It is striking to sit in the House of Commons during Question Period and watch how the big issues of the day are divvied up along gender lines.
Consider two of the significant stories of this fall - the H1N1 crisis and the allegations of torture of Afghan detainees. When it came to dealing with H1N1, women MPs asked the questions and the female Health Minister answered. This changed dramatically, however, when the story moved on to guns, war and torture. That's when the guys took over. For the most part, the women sat quietly in their seats.
As a leading expert on women in politics, the University of Toronto's Sylvia Bashevkin says this is not uncommon - women traditionally deal with the butter issues (social spending, health and the arts) and men with the gun issues.
"What cabinet positions women historically were offered were portfolios that were seen as a logical extensional of a traditional maternal role: health, education, welfare, culture," Ms. Bashevkin said.
There is a gender bias, too, when the issue is the economy. The Finance Minister is male (and always has been in the federal government) and so are his opposition critics.
When Liberal Leader Michael Ignatieff is away from the House, he calls on his buddies Ralph Goodale and Bob Rae to stand in for him. And when the Prime Minister is away, Transport Minister John Baird or Industry Minister Tony Clement take over.
The women play no real starring roles.
Should we care? Does it matter? Is it a problem?
Anita Neville, a Winnipeg MP and chair of the Liberal women's caucus, doesn't entirely buy in to the women-are-butter-men-are-guns theory.
"I think there tends to be some stereotyping of it, but I don't think it's universal," Ms. Neville said.
She said that she has asked a question about torture in Afghanistan; she sits on the Commons Defence committee and has been to the special parliamentary committee examining the torture issue. (It is overwhelmingly male, and men appear on the political panels on television to debate the issue.)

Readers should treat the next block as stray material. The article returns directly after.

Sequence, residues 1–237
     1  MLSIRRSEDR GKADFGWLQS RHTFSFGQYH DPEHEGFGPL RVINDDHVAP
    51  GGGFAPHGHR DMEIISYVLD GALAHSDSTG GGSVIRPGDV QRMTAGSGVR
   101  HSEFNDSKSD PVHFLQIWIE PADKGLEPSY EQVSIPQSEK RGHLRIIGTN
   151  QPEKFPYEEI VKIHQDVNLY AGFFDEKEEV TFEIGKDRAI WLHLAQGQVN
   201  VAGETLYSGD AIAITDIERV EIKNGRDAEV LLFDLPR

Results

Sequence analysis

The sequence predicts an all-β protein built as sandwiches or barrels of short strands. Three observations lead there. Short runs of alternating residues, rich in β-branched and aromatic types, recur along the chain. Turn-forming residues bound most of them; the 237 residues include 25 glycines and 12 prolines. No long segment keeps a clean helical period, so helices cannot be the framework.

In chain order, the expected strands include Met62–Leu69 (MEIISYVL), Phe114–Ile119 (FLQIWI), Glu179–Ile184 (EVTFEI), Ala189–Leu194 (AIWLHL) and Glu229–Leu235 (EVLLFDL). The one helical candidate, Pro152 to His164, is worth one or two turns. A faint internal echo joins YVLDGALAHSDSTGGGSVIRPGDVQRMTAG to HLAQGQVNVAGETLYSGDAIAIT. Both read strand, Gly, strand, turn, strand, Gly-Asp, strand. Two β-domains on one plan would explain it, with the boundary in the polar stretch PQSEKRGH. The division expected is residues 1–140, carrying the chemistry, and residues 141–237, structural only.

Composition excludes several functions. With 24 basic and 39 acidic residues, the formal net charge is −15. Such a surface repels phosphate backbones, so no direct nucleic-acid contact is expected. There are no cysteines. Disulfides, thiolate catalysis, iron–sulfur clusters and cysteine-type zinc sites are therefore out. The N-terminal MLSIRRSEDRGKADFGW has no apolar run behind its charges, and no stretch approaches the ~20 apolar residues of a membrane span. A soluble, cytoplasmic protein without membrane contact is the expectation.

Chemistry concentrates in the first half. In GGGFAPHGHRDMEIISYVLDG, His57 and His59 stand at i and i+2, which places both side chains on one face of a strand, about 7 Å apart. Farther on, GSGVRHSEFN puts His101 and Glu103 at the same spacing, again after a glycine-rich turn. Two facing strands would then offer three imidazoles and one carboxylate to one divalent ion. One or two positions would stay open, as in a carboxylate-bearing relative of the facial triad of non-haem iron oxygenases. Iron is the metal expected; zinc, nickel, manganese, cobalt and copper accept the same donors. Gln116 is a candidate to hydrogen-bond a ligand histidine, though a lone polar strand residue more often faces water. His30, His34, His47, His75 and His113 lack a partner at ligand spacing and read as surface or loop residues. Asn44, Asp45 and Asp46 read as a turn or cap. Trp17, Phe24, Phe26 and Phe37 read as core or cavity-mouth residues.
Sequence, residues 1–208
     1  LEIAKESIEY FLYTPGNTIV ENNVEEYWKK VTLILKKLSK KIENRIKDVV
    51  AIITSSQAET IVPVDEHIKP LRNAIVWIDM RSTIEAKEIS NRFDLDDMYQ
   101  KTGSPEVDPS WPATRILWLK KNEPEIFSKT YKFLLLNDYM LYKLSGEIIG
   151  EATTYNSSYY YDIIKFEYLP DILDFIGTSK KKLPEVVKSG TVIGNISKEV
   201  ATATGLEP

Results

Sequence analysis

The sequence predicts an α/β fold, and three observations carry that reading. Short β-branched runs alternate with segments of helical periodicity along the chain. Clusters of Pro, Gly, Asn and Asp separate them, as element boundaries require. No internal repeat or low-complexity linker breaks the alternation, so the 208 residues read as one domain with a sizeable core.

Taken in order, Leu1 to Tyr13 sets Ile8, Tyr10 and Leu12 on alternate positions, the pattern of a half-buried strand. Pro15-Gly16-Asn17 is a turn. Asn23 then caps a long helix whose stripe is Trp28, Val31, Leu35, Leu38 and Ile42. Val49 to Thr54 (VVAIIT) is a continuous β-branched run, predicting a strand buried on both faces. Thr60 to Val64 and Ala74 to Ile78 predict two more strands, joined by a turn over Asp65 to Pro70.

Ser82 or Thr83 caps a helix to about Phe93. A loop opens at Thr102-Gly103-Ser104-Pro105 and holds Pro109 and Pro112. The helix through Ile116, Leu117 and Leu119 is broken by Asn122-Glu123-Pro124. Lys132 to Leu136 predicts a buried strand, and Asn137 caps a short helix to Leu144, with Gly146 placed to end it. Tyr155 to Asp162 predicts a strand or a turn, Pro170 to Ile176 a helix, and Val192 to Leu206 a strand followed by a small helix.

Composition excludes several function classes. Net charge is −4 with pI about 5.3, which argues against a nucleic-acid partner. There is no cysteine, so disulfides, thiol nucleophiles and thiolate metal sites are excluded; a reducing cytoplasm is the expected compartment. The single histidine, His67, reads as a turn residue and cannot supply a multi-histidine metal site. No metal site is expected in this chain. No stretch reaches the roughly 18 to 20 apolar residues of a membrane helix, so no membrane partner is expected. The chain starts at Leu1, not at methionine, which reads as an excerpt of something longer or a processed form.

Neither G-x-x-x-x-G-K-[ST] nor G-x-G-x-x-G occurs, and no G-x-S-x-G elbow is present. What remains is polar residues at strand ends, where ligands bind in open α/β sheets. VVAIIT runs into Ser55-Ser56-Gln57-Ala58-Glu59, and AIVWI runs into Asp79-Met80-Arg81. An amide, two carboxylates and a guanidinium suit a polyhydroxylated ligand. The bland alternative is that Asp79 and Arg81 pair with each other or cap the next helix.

Part of the problem, Ms. Neville said, is that the House of Commons has simply not enough women to go around.
Women hold 69 women of 308 Commons seats, about 22 per cent. Women's groups, such as Equal Voice Canada, want to see the numbers rise to 30-per-cent representation. To get there, though, will take leadership.
Despite their numbers, Ms. Neville remains positive about the impact of women in the House. She said female MPs can play a big role behind the scenes. For example, she said that the Liberal women's caucus pushed former prime minister Jean Chrétien to resist sending Canadian troops into Iraq.
But is behind-the-scenes good enough? Ms. Bashevkin clearly doesn't think so.
She said that it's important for young people of both genders to see women operating in all aspects of public policy. It is equally important to see male politicians in non-traditional roles.
"It makes public policy seem like it's about all of us and not just some narrow spectrum either of only women who care about social policy or men who are equipped to know about whether it's the economy or foreign affairs or defence," she said.
One of the most powerful defences of the importance of a national child-care program came from former Liberal cabinet minister Ken Dryden, Ms. Bashevkin said, adding that he made a big impression on her students.
"I think social policy, when voiced by a man, and defence or economic or foreign policy, when voiced by a woman, because it's sort of breaking with stereotype, can often be more compelling, more resonant and more remembered," she said.
Just look at Mike Savage. The big, burly Liberal MP from Nova Scotia plays against type as the opposition critic for human resources, which is traditionally considered a female portfolio.
Mr. Savage asks pointed questions and demands answers on homelessness and employment insurance reform. Who answers? The female minister, of course, Diane Finley.
(Photo: Liberal MP speaks in the House of Commons on Feb. 25, 2009. Adrian Wyld/The Canadian Press)